This list I’ve put together is of things that I personally have learned, often by stumbling through and discovering myself. These activities on Twitter do have a net positive effect on your career and ability to communicate with the world and local developer communities. First I’ll cover positive use cases of Twitter that are immensely useful as a software developer. These are even compounded if you’re an advocate of open source, cool technologies and libraries, and other miscellaneous things.

1. Twitter as a Communication Tool

First and foremost, Twitter has been and does – mostly – continue to be a communication tool. I make use of Twitter to connect with people for conference organizing, code projects, open source work, to have geek lunch, nerd brunch, and many other things that come up. It can and ought to be one of your primary communication mediums in that it connects many of the key active people within our overall communities. More so than email and other mediums by a large percent. If you intend to have a long term net effect and grow your presence and activities (conferences, meetups, coding groups, etc) you want to foster Twitter has become the de facto medium to be active on.

2. Twitter as a Collector of People

Twitter, even though it does seem to attract some of the most villainous scum (literally, not a figure of speech or hyperbole) and have some pretty horrifying problems (people calling in SWAT’s on people (extremely illegal), death threats, harassment) the net benefit within the community to bring people together has far outclassed pretty much any other system out there. Hacker News doesn’t, Facebook doesn’t, Google+ is cancelled, and about every other social media platform has failed to bring together the develop community in an effective and useful way.

3. Twitter for Answers

Even though I don’t often go to Twitter to find answers, sometimes I do. Often it is a last resort. After all, Twitter is most efficient at providing a place for links, quick blurbs, bumbling and babbling threads from people, and of course cat pictures and hot takes.

The combination powers of Twitter with other services however exponentially increases the ability of Twitter to help with answers. For example, write up a solidly written question on Stackoverflow or one of the branched out services and then post the question on Twitter, maybe inquiring for some retweets and boom, doubling, tripling, and greater multiplier of people looking at the question that can provide a prospective answer!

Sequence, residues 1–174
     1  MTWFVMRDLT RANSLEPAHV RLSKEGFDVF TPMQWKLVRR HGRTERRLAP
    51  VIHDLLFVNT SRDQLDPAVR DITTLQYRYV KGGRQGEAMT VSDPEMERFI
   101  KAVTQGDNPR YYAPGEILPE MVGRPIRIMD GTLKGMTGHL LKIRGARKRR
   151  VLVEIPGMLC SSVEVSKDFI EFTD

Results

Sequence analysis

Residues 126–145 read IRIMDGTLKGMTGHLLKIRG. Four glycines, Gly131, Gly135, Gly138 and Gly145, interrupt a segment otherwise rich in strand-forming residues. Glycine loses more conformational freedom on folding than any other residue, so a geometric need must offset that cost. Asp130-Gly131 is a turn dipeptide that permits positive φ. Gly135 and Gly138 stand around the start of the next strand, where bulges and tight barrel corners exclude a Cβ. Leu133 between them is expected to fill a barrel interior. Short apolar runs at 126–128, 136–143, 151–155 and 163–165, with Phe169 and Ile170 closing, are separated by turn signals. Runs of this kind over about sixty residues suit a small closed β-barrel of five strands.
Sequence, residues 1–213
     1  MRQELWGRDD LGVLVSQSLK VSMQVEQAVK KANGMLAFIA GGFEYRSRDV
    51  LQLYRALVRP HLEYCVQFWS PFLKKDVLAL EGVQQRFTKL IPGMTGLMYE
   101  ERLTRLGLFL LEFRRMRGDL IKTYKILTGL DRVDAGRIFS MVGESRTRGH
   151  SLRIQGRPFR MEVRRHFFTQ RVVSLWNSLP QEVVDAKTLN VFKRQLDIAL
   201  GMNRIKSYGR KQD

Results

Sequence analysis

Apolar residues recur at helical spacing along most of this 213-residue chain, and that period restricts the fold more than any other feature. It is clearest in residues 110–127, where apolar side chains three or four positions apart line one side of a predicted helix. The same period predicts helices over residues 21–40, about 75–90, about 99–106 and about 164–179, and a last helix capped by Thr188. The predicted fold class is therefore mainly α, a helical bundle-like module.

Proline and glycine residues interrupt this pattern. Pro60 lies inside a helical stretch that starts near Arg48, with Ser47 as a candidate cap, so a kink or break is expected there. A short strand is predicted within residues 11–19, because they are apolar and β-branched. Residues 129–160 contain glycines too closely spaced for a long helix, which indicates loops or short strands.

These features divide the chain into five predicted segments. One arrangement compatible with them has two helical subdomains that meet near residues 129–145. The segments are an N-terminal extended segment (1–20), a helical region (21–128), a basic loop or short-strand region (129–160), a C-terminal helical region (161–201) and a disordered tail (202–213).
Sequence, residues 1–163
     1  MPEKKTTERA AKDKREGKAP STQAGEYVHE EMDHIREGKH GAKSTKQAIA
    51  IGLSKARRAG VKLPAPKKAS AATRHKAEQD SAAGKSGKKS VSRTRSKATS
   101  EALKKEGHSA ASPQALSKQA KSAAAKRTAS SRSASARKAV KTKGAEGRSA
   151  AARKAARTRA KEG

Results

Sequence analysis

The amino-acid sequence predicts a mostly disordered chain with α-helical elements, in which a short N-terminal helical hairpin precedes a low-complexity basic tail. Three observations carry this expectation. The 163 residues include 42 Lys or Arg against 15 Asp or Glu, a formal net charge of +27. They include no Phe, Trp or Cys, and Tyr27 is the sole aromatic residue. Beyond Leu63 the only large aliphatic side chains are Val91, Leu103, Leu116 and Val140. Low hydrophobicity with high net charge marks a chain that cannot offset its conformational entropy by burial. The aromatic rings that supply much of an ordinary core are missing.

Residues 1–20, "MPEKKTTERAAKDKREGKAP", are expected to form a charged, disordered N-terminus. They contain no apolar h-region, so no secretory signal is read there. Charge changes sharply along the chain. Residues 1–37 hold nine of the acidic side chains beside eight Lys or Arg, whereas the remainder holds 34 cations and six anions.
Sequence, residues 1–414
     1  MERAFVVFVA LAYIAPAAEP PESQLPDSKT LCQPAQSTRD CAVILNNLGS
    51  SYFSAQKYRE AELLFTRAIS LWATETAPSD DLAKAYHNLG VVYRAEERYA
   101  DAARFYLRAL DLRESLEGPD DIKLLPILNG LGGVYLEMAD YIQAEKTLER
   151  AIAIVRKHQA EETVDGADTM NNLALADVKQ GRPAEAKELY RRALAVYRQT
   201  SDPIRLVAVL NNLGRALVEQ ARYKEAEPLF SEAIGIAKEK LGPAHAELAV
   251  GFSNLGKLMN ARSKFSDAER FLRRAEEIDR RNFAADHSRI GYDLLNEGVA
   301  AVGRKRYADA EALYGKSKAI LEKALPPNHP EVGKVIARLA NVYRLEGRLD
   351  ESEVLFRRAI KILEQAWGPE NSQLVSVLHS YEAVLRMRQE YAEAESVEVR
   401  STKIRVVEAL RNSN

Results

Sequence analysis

4. Twitter, Firestarter

One of the things I’ve also found Twitter good for is an outlet for pushing and often straightening out bad behavior in the community. Ever done something racist? Ever known someone to pull some misogynistic action? Yeah, unfortunately I know of these things happening too, and Twitter forces apologies and better behavior among people. But it also is a place people can wreck themselves and be just as destructive as they can learn to better themselves, especially those humans of us that have poor behavior and disrespectful tendencies.

But just as much as individual behaviors among us, Twitter has been used to straighten out some pretty trash behaviors from corporations. Sure, they’re not really people, but the conflagrations of this notion – true or not – make for pressure to be applied to corporations through other means besides the products and services they sell us individual humans, which to often are things we have to buy regardless, and this medium provides us an avenue to induce better behaviors in spite of purchases.

There of course is the positive and negative of this forced societal behavior and in many ways, improving corporate behavior throughout the world, but it’s here. Pressure of the people, often organized and started through Twitter, including against Twitter itself sometimes, is heavily rooted in activity right there on ole’ Twitter itself.

GSD Tactical Twitter

Alright, now to the meat of things. Twitter is great at all these things but how does one make the best use of it without it turning into an outright tire fire trash dump of distraction and stress? Well, it’s moderately easy, but one has to be careful.

1. Find Good and Entertaining People

My personal advice when starting on Twitter is to skip the companies. Don’t follow any of them. Same goes for organizations or any group account of sorts. The key to find good content, good common ground, and useful links, news, and related communities is to follow individuals that are involved in those things you want to be involved in already. The following are some specific examples, and for me, great people to follow.